Special $11.99 (Regular price: $17.99)
Publisher: Chicken House & Scholastic
Reviewer: Melissa on May 29, 2010
Rating: 4 out of 5 stars
Eyes are said to be the windows to the soul. When someone looks you in the eye, we’re taught to believe they are telling the truth, that they mean us no harm. When they turn away after being “caught” looking at someone, we believe that the person in question is slightly embarrassed to be staring. These ideas are true often enough to be considered universal, but in Lucy Christopher‘s first YA realistically-told thriller, Stolen, everything that Gemma has learned in her short life is turned upside down. While starting as a 16-year-old girl on vacation with her parents, an encounter with a much older man and his familiar, piercing blue eyes leads to her kidnapping and being taken to the harrowing and lonely world of the Austrailian Outback by her captor.
Most books are written in the past or present tense, but it’s rare that the main character speaks directly to another character, especially not the “You” who kidnapped her. However, this is what the reader is pushed into when she opens the first page of Stolen. When I first began this book, I found Gemma speaking directly to Ty quite unsettling. Perhaps this effect is, indeed, what LucyChristopher was after at this point in the novel; in fact, even Gemma says that the look in his eyes both “unsettled” and “surprised” her. It’s rare that one can connect with a character, who is experiencing something so foreign to them, so quickly, but the writing style employed by Christopher makes it difficult to do otherwise.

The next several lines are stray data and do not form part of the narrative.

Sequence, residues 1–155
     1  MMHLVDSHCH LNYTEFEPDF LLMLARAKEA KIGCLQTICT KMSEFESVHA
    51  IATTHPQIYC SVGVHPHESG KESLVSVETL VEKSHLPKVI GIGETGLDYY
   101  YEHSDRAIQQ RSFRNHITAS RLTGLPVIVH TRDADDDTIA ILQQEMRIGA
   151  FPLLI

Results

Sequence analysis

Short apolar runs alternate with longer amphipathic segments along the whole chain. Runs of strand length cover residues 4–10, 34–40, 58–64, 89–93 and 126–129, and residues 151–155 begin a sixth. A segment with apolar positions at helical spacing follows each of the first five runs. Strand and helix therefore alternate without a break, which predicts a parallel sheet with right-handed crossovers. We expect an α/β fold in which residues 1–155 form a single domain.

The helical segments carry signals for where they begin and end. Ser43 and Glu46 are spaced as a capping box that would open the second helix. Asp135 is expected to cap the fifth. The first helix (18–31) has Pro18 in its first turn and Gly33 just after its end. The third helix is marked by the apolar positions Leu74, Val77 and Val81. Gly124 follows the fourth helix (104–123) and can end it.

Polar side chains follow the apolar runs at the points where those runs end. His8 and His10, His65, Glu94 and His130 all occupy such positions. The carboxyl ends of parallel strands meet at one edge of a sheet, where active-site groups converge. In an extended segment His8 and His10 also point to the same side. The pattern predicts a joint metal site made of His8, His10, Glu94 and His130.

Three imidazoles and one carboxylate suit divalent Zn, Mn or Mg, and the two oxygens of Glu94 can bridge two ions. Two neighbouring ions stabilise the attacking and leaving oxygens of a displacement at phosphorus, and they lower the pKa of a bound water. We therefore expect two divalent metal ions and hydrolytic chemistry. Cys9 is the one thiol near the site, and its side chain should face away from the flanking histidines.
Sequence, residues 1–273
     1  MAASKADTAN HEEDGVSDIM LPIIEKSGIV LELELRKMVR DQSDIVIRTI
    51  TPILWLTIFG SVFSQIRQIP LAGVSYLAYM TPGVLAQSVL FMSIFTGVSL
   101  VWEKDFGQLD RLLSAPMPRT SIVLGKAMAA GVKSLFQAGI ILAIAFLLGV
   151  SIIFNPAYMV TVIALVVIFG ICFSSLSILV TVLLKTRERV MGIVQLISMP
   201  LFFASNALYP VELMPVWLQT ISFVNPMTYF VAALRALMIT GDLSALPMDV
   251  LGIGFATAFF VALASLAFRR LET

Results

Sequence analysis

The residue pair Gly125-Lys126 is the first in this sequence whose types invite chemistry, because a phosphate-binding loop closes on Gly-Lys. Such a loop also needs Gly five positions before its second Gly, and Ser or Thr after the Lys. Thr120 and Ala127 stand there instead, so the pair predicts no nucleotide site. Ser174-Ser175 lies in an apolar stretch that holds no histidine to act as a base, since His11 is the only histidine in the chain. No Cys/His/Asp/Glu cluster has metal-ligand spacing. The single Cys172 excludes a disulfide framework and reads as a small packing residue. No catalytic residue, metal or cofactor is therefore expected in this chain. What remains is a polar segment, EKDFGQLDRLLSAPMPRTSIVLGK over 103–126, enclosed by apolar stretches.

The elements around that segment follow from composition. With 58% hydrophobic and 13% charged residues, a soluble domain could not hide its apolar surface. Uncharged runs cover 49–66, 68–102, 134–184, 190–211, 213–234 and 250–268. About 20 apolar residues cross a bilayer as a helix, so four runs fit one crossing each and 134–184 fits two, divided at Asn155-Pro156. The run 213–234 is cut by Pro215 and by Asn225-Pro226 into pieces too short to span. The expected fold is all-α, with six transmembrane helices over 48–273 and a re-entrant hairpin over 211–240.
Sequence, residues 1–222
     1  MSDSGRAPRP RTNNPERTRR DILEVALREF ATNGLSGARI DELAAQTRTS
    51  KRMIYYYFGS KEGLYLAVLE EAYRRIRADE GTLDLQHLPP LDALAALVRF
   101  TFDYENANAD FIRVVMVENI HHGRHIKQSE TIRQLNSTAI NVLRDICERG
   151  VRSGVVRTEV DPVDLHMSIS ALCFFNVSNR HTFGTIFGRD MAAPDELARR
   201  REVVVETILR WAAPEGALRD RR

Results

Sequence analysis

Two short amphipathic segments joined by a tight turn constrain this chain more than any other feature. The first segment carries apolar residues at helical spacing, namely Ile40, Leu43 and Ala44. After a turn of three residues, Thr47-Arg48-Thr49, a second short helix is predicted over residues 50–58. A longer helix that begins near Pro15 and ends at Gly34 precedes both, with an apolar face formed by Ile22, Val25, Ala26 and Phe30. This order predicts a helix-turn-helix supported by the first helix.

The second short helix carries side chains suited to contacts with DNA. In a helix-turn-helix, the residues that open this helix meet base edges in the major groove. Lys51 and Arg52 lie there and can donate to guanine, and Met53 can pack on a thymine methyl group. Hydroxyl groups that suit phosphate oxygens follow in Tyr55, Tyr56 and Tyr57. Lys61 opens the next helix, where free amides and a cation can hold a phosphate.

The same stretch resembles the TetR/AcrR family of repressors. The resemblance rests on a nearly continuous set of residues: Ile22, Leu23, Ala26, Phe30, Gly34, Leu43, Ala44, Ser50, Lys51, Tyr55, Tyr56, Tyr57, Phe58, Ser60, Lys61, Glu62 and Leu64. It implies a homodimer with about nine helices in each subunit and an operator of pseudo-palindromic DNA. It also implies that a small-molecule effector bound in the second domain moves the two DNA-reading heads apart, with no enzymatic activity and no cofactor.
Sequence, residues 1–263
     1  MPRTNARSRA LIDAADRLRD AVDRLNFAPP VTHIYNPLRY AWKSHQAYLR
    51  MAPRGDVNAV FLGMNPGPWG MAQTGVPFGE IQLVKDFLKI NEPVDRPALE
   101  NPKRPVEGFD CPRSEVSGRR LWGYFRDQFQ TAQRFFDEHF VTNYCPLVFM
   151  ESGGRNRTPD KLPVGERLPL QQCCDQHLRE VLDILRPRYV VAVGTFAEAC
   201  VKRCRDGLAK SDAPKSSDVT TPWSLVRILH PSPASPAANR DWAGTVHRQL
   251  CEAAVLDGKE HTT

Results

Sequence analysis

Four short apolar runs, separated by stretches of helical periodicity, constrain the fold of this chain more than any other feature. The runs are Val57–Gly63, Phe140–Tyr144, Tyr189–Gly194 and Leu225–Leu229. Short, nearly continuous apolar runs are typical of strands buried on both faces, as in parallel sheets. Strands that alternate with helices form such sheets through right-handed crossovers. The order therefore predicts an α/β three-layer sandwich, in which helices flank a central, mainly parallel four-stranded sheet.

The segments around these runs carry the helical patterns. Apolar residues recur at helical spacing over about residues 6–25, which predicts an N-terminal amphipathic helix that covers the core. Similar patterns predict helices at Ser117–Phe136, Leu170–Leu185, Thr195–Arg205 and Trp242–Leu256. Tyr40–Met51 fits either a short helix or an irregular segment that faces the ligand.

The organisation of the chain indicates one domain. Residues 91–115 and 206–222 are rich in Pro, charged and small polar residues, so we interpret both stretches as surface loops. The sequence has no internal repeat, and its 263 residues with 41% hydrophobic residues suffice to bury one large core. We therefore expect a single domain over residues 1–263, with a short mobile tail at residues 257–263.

Like most great novels this one employs numerous motifs and symbols to help deepen and broaden your understanding of the events. While one group of symbols helps strengthen the Gothic plotline, the other set of symbols serve to highlight a realist portrayal of the events, almost like a mirror. Both the house in the middle of the Outback and the desert itself are psychological extensions of Gemma’s own mind as is the case in all Gothic narratives. Her fear of the situation is reflected in the sounds and sights of the house, like the locked drawer, which symbolizes her inability to control her situation because she is “locked in” the house by the desert on all sides. However, the animals, like the camel, the snakes, and the moth, all foreshadow events that will take place and represent a particular character in the novel. One can tell that Christopher worked very hard to outline this narrative, and the results are quite brilliant.
While I haven’t outlined the premise completely, I think it’s best this way as I don’t want to leave you with any spoilers. I can say that I did divulge a little more to my night school classmates and teacher, and let’s just say their mouths dropped open. For a realistic narrative, this is one of the scariest novels I’ve ever read. It’ll have you at the edge of your seat, marveling at this powerful story of kidnapping and survival. Check out the book trailer here:
The trailer sets the stage, and hopefully, when you see it together with my review of Lucy Christopher’s Stolen, you’ll know that there is no time to wait – now is definitely the time to buy and read this book!
Buy Stolen today!